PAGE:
Raven-Symoné Says Body Shaming as a Kid Led to 'So Many Mental Issues'
Raven-Symoné says she wouldn't have "so many mental issues" if she had grown up today with less body shaming
After dealing with body shaming as a Disney Channel kid in the 00’s, Raven-Symoné wishes she grew up in today’s more body positive era.
“I wish I was living now as a younger person,” the actress, 31, tells PEOPLE Now. “I probably wouldn’t have so many mental issues.”
The former That’s So Raven star and singer says that people would fat shame her to her face.
“[They said] I was too big to be doing an hour and a half concert. ‘I don’t know how she can dance being that big.’ And I was like, ‘I still did it!’ ” Raven-Symoné recalls. “I was on tour forever because it’s not about your size, it’s about what you have to say, if you can sing or dance, and performing. It’s not about your size.”
This isn’t the first time she’s opened up about body shaming — Raven-Symoné revealed in 2015 that she was told not to eat food on the set of The Cosby Show at age 7.
“It was definitely hard,” she said on The View. “I remember not being able to have the bagel or anything at – we would call it crafty, where it’s just a table of food, ready for you to eat whatever you want. And I remember people would be like, ‘You can’t eat that. You’re getting fat!’ I’m like, ‘I’m 7! I’m hungry!’ ”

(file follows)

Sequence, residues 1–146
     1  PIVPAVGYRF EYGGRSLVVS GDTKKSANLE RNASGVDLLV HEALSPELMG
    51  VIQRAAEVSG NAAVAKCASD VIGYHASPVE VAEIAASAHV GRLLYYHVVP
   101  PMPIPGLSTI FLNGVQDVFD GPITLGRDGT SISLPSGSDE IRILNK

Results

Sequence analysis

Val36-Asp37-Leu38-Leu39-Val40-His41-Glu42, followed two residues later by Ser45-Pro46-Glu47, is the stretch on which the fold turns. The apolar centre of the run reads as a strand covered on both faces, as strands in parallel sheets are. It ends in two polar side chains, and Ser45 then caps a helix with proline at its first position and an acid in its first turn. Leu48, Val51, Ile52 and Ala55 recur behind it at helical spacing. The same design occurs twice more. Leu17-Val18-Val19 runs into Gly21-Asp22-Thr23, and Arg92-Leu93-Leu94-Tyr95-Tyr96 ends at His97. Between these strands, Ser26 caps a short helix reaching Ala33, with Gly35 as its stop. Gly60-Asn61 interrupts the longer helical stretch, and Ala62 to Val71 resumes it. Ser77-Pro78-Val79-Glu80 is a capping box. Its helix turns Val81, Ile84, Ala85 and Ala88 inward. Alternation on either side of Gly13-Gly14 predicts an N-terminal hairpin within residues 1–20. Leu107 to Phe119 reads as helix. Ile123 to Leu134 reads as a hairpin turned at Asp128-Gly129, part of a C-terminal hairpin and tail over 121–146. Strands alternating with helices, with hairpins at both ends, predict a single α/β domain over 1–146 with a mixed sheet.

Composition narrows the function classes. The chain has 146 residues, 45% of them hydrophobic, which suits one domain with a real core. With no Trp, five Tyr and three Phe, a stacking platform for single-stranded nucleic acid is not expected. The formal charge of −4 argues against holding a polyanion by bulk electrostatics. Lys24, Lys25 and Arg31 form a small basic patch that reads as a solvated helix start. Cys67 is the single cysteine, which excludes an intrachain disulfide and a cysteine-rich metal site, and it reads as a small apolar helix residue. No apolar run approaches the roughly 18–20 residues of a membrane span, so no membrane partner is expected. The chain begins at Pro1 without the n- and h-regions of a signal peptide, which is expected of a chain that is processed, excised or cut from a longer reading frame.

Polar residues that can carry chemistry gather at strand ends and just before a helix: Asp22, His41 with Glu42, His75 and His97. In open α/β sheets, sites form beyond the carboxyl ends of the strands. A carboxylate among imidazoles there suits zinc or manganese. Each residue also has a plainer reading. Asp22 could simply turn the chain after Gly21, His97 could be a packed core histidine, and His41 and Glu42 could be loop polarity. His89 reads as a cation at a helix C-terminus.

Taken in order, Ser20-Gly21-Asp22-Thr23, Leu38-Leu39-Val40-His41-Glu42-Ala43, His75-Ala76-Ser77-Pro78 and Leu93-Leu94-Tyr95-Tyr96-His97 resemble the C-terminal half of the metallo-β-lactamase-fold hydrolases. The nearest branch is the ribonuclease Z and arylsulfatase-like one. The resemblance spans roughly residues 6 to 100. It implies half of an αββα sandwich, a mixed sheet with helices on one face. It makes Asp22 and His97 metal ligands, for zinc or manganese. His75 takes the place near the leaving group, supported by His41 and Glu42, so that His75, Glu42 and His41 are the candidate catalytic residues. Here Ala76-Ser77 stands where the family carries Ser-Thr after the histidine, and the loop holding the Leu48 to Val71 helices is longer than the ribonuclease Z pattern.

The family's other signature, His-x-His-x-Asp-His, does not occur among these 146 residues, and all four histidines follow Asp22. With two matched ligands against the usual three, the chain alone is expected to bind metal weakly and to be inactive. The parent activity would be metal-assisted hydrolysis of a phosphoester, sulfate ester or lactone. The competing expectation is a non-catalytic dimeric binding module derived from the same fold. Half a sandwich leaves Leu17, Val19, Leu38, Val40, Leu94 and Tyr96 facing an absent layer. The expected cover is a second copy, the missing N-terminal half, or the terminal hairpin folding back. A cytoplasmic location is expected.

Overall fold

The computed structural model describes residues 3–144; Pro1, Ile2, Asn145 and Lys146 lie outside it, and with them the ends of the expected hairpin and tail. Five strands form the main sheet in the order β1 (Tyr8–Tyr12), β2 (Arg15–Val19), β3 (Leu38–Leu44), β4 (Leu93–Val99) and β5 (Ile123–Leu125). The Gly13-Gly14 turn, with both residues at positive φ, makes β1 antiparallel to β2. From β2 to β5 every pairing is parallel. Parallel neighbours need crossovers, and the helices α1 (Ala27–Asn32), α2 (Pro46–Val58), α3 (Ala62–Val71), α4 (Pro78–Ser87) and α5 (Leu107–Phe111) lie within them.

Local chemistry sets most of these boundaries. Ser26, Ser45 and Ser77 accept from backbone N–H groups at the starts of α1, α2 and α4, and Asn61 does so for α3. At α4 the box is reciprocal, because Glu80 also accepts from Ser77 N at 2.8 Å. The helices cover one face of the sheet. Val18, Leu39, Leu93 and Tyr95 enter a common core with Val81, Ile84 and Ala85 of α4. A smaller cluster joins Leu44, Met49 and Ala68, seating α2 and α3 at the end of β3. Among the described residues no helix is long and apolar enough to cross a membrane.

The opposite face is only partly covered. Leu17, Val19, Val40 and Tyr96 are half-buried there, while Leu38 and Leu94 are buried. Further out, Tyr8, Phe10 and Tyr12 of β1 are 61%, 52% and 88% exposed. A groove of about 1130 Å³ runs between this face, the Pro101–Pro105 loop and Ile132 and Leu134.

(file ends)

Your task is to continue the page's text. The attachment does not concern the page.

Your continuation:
Raven-Symoné, who recently returned to the Disney Channel with Raven’s Home, a reboot of That’s So Raven, says people are more accepting today.
“I love embracing your body,” she tells PEOPLE Now. “In this day and age you have all kinds, and it’s funny, it’s serious, it’s every color, it’s every head shape, it’s every hair. And there’s androgyny, and there’s LGBT coming in, and it feels good. We didn’t have it enough last time and I guess that’s what the past is for — to make sure the present is what it needs to be.”
Raven-Symoné adds that it’s important to have individuality.
“The world is too big to have one sort of view to show beauty, because then you are literally destroying society,” she says. “You are literally destroying it. And then you want to talk about how we are judgmental to each other and this and this. But it’s being created in the industry that we’re in. So why not break the mold?”